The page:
During “cool” weather (30°F to 55°F
[1°C to 13°C], for example), the
required space temperature can be
maintained without any mechanical
cooling or heating by simply adjusting
the mix of outdoor air and return air.
In this mode, the economizer system
adjusts both the outdoor- and return-air
dampers, modulating these airflows to
Figure 1. Typical air handler
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match cooling capacity with cooling
load—without mechanical cooling.
Intake airflow varies between the
minimum setting and a maximum value
(100% of supply airflow) to maintain
the supply-air (or space) temperature
at setpoint.
Integrated economizer mode.
During mild weather (55°F to 75°F
[13°C to 24°C], for example), outdoor
air can provide some cooling capacity,
but not enough to satisfy the load, so
mechanical cooling supplements the
economizer cooling provided by the
wide-open outdoor-air damper. We
refer to this mode as integrated
economizer because it combines
“free” cooling (100% outdoor air)
with mechanical cooling to meet the
required cooling capacity. The system
stays in integrated economizer mode
until outdoor conditions reach the highlimit shutoff setting (discussed in more
detail on p. 5), or until the outdoor
conditions fall to the point where
modulated economizer operation
can handle the cooling load.
Mechanical cooling mode.
Economizer operation is disabled
during warm weather, when outdoor
conditions exceed the high-limit
shutoff setting. Minimum outdoor air
for ventilation (determined by Standard
62 or the local building code) mixes
with return air. The mixed air then is
mechanically cooled as needed to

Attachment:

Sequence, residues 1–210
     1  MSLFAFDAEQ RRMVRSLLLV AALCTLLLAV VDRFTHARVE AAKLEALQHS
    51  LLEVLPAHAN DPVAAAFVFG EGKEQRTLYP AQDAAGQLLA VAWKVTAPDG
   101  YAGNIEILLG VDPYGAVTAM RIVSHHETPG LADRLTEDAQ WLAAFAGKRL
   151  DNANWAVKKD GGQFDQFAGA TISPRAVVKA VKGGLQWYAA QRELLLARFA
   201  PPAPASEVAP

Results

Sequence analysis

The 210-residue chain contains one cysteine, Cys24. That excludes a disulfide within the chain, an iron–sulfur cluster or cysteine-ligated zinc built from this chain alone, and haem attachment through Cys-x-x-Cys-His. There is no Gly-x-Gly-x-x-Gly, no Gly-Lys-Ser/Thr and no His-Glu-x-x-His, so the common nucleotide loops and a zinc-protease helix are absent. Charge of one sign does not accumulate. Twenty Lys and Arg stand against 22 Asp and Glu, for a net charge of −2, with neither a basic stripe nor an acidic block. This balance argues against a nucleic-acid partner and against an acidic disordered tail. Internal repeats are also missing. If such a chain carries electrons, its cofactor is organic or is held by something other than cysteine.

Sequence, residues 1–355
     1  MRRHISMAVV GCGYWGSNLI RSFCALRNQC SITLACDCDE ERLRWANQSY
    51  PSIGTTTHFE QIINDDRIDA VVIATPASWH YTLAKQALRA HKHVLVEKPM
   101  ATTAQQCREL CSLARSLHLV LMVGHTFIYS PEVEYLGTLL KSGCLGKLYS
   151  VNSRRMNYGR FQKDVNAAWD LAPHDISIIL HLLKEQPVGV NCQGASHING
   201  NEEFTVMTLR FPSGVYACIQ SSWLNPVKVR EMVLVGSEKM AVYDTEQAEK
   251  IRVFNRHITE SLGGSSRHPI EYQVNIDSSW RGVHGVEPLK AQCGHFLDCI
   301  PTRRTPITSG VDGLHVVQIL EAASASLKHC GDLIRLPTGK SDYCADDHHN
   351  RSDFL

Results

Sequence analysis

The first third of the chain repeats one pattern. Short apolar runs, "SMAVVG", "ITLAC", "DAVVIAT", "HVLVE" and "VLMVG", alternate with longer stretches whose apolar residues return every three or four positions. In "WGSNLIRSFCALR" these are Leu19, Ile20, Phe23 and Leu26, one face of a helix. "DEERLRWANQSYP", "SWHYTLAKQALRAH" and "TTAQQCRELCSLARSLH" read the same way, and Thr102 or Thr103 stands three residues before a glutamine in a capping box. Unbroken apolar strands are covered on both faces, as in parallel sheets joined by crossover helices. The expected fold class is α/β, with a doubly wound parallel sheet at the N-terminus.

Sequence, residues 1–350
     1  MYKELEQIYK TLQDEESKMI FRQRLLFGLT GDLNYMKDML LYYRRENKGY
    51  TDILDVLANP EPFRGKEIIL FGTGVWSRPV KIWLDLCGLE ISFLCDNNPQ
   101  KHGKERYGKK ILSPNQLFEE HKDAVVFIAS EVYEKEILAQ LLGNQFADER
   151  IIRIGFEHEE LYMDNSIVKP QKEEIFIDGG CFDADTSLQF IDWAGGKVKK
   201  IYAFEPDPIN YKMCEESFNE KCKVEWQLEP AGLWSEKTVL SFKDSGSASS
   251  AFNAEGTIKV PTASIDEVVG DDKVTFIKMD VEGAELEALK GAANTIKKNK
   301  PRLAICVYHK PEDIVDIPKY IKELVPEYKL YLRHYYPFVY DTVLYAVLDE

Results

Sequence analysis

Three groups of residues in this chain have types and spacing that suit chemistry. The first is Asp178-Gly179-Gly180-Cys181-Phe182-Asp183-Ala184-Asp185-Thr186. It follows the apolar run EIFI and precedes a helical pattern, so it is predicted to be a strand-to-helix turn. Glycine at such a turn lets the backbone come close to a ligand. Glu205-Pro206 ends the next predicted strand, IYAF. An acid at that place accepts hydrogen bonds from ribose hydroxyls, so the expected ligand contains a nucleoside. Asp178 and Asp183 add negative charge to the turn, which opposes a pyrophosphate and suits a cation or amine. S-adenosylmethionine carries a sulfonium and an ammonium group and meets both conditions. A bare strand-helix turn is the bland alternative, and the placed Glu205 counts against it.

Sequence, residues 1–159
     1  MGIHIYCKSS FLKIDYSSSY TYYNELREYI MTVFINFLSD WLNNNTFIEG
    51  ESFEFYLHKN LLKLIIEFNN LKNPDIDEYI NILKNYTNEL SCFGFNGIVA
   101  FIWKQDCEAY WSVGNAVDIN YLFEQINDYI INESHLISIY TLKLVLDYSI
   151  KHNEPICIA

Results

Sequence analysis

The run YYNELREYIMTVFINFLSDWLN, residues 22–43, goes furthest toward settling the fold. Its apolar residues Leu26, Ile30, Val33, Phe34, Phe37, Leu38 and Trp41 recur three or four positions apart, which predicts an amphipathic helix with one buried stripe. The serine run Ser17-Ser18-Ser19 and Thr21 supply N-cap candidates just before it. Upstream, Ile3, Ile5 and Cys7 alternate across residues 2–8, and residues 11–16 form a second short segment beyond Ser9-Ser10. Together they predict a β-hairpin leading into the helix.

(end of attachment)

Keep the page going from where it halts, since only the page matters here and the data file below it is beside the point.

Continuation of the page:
maintain the supply-air (or space)
temperature at setpoint.
As in the heating mode, the
minimum outdoor airflow may be reset
downward from its design value to
save cooling energy. But, when it’s hot
outside, no more than minimum
Figure 2. U.S. climate zones
outdoor air enters the building
whether the system includes an
airside economizer or not.
Note: Specific control sequences for
the preceding operating modes may
vary with equipment configuration,
type of economizer control, and highlimit settings.
What does
Standard 90 require?
According to Standard 90,
Section 6.5.1, economizer cooling
systems (either airside or waterside)
must be used in all cooling systems
with fans. There’s also a long list of
exceptions to this requirement (see
inset, p. 3) because the value of
economizer cooling depends on
climate, building type, system type,
and control settings. Nevertheless,
Standard 90 requires economizer
cooling in many locations for many
buildings and many different systems.
Figure 2 shows the U.S. climate
zones * defined in Appendix B of the
Standard. Figure 3 shows regional
economizer requirements, which aim
to minimize the ratio of economizer-
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Trane Engineers Newsletter volume 35–2
related costs to energy-related savings.
These requirements are based on
cooling system capacity and the
expected number of hours with
outdoor conditions that are appropriate
for economizing.